Page 3, 17th March 2006

17th March 2006
Page 3
Page 3, 17th March 2006 — England's 'worst Catholic school' saved from closure

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Locations: Birmingham


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England's 'worst Catholic school' saved from closure


BisHoe Wulstan school in Rugby, one of the worst half dozen in the country in terms of GCSE results, has been saved from closure by a meeting of Warwickshire County Council cabinet.

The secondary modern comprehensive — which goes by the official title of Bishop Wulstan School Business and Enterprise College — was threatened with closure prior to the meeting last Friday, when the council's cabinet voted to keep it open for September and work towards making it a "3-16 partnership".

Last year only 12 per cent of pupils at the school gained five Grade A-Cs at GCSE, a rate that places Wulstan at the very bottom of the Catholic league table, while only five other schools in the whole of England and Wales performed worse.

The last Ofsted report stated that 30 per cent of the pupils, way above the national average, had learning difficulties. These included social, emotional and behavioural problems.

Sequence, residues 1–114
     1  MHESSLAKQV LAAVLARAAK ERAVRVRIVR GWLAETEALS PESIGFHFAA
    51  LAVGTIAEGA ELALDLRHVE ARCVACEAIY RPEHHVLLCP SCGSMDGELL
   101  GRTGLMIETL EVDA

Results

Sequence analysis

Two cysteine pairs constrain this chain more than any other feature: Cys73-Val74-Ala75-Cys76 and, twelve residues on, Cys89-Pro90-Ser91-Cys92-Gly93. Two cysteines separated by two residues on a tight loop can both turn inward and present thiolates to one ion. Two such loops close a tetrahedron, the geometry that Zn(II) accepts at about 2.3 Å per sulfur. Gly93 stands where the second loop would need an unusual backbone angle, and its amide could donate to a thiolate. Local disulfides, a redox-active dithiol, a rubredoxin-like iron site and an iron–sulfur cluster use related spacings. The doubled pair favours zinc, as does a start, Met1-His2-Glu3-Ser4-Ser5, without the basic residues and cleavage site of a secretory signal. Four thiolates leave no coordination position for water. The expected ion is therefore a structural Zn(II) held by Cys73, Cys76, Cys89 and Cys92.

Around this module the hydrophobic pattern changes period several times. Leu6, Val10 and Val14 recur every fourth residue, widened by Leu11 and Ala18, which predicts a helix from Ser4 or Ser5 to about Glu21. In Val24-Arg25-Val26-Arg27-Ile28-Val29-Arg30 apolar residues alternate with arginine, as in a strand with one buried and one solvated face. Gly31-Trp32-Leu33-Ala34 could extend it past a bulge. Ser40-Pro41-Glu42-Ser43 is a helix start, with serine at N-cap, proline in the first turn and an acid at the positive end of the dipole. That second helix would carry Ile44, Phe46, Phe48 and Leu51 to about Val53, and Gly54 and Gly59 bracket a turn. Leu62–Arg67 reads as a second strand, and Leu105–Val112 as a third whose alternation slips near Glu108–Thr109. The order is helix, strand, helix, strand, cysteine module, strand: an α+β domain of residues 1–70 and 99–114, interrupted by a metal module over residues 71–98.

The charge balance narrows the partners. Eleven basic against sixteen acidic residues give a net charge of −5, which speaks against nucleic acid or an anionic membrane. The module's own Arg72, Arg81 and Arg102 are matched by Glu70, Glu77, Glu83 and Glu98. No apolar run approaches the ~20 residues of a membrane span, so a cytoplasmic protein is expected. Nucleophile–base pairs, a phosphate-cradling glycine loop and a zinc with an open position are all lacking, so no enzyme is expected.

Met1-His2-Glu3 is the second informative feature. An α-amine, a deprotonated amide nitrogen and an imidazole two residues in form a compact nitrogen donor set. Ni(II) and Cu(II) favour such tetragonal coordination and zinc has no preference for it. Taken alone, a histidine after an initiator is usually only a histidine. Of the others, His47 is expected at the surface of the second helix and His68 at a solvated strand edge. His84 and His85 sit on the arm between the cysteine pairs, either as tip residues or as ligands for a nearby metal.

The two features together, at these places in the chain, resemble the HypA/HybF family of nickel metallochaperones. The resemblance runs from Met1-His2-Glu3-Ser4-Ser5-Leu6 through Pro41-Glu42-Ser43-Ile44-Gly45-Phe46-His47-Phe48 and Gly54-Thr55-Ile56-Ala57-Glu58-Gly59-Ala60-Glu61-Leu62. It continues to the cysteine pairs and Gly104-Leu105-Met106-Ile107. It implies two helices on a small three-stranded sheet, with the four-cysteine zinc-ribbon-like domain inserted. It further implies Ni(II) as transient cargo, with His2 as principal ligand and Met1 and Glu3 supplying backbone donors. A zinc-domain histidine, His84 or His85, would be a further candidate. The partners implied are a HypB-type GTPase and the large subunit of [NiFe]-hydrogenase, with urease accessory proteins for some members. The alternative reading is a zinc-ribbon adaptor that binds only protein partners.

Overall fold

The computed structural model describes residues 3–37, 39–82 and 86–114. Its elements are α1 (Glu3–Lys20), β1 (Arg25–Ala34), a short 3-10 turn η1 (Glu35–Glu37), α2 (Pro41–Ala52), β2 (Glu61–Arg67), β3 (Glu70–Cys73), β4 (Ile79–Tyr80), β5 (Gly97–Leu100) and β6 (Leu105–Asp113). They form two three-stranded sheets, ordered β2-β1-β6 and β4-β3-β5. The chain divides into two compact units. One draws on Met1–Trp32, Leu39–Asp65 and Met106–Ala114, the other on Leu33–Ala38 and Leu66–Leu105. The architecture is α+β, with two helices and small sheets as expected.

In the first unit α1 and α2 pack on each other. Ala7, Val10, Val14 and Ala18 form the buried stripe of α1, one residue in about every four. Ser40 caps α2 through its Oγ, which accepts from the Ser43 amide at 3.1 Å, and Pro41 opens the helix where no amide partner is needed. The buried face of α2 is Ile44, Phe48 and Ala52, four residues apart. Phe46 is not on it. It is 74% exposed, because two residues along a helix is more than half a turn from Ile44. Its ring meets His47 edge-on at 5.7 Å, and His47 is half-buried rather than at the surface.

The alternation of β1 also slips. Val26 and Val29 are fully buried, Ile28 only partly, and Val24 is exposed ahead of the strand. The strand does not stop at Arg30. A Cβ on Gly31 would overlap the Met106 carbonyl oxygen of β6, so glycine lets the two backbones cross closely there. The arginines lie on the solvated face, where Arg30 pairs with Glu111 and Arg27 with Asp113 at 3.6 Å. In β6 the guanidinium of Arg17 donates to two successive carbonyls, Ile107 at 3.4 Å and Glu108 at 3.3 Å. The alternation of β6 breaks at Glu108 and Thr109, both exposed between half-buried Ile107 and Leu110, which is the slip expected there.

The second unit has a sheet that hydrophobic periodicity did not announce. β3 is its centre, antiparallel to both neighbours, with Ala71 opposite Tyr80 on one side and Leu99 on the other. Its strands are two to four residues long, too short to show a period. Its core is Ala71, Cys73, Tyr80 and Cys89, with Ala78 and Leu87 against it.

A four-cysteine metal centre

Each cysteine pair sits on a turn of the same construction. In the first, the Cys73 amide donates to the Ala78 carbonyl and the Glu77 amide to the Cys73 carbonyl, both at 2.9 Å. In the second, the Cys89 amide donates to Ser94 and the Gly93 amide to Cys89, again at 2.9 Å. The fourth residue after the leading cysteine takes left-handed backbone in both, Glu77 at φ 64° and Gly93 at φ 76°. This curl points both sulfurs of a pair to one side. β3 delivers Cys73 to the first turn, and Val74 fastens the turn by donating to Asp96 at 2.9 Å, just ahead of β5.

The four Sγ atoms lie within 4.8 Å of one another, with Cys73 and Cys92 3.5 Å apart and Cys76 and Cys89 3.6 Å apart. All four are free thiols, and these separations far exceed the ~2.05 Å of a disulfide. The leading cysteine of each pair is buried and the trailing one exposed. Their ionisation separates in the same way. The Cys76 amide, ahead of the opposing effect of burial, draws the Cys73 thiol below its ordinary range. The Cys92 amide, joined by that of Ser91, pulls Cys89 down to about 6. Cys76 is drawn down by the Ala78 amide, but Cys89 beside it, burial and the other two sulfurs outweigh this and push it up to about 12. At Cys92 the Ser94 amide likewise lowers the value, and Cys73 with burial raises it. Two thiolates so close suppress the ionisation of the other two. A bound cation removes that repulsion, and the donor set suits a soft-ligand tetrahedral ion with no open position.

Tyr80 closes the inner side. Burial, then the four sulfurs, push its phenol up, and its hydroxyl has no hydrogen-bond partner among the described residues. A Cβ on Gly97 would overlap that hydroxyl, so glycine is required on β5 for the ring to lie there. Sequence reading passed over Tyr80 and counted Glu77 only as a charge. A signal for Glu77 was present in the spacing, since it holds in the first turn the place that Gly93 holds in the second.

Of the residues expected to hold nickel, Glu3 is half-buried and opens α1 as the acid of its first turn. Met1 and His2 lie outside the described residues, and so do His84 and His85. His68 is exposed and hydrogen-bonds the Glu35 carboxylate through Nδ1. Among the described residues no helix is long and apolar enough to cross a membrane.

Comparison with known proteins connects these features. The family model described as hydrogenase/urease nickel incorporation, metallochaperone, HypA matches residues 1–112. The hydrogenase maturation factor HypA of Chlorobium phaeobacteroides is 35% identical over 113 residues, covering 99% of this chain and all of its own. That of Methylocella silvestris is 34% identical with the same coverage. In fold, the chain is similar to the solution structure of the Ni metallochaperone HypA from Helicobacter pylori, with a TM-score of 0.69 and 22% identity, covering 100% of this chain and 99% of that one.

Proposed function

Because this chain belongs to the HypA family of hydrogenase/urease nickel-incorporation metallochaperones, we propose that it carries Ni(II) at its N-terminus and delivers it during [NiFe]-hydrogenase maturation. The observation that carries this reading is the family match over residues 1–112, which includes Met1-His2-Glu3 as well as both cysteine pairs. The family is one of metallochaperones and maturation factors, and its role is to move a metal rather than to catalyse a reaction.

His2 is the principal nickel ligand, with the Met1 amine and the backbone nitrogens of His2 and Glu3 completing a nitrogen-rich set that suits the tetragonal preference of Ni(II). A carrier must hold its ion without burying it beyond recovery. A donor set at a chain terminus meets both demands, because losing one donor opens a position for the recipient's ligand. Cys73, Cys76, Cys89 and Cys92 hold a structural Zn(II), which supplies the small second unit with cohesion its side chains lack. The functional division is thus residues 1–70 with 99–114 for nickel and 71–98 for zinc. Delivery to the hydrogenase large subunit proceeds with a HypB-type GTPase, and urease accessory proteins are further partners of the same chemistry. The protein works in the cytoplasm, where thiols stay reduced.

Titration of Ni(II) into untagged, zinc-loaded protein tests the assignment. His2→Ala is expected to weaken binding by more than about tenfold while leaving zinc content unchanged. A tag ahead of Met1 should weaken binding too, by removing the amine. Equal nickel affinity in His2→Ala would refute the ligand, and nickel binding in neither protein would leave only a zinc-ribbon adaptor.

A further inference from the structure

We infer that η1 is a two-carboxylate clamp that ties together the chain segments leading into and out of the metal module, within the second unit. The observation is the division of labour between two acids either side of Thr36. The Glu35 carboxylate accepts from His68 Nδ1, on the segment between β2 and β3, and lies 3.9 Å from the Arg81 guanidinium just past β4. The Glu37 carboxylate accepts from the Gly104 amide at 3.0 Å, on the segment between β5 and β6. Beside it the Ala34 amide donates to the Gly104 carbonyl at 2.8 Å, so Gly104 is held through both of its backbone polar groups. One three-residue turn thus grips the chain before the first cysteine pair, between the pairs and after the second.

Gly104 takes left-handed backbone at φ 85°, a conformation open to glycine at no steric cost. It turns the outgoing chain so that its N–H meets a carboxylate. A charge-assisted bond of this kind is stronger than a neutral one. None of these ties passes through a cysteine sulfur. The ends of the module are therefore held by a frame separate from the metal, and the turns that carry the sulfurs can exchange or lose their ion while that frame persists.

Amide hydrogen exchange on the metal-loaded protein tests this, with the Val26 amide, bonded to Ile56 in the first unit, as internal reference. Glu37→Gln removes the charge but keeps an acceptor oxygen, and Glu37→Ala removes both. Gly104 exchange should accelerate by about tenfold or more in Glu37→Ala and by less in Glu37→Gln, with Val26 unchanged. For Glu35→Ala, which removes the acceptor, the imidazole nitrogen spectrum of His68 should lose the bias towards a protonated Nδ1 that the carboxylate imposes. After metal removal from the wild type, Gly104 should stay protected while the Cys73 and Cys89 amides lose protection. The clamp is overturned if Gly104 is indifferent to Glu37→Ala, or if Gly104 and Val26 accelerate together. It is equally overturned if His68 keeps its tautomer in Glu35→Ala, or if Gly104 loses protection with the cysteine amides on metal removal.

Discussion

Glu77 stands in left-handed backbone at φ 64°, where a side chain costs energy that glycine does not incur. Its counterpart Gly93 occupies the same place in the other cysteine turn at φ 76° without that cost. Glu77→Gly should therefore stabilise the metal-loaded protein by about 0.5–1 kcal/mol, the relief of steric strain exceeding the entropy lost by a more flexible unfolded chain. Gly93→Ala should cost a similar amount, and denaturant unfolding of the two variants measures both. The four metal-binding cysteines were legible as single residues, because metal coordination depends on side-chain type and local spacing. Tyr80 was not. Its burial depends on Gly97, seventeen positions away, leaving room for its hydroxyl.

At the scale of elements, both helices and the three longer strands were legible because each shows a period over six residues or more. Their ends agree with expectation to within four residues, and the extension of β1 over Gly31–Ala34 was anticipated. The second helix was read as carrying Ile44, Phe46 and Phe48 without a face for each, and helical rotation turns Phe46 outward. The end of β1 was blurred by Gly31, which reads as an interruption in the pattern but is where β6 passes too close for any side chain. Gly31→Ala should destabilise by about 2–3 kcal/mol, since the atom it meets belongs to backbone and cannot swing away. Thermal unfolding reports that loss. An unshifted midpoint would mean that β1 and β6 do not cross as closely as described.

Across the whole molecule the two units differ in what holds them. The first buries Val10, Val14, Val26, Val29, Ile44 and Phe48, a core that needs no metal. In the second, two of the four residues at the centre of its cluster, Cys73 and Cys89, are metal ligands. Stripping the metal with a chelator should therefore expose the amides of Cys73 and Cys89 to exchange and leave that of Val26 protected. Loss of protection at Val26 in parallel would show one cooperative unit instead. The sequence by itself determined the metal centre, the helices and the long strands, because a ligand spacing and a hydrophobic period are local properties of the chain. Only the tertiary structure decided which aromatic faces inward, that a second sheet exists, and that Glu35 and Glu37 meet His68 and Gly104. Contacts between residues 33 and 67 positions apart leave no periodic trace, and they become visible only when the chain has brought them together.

Staff turnover, meanwhile, was very high, with twothirds of employees being replaced within the last two years.

Headmaster Brendan Higgins said in a press announcement that, "This decision echoes the very positive resolution put forward by the Rugby Area Committee, "And it now confirms that Bishop Wulstan Catholic School will be open in September 2006 and continue to provide distinctive faith education."

Wulstan is the only state Catholic school in Rugby, and council leaders wanted it closed because they believed that with 80 pupils a year it was too small to be sustainable. Last year it was the first choice for just 25 sets of parents.

Instead council leaders hoped to build a city academy on the western edge of town that would specialise in "business and enterprise."

Up to 500 people had turned up to a meeting at the school the week before to protest at the planned closure this September,and jeered council claims that the school's closure would not save them money.

Anthony Roberts, who had been head for more than 30 years, attacked the speed of the LEA's plans. "You are destroying a community, not just a school" he told the LEA last week.

However the Archdiocese of Birmingham's wish that the ailing school would become a new "Catholic academy" may now come true.

After the decision last week, the Archdiocese was unavailable for comment.

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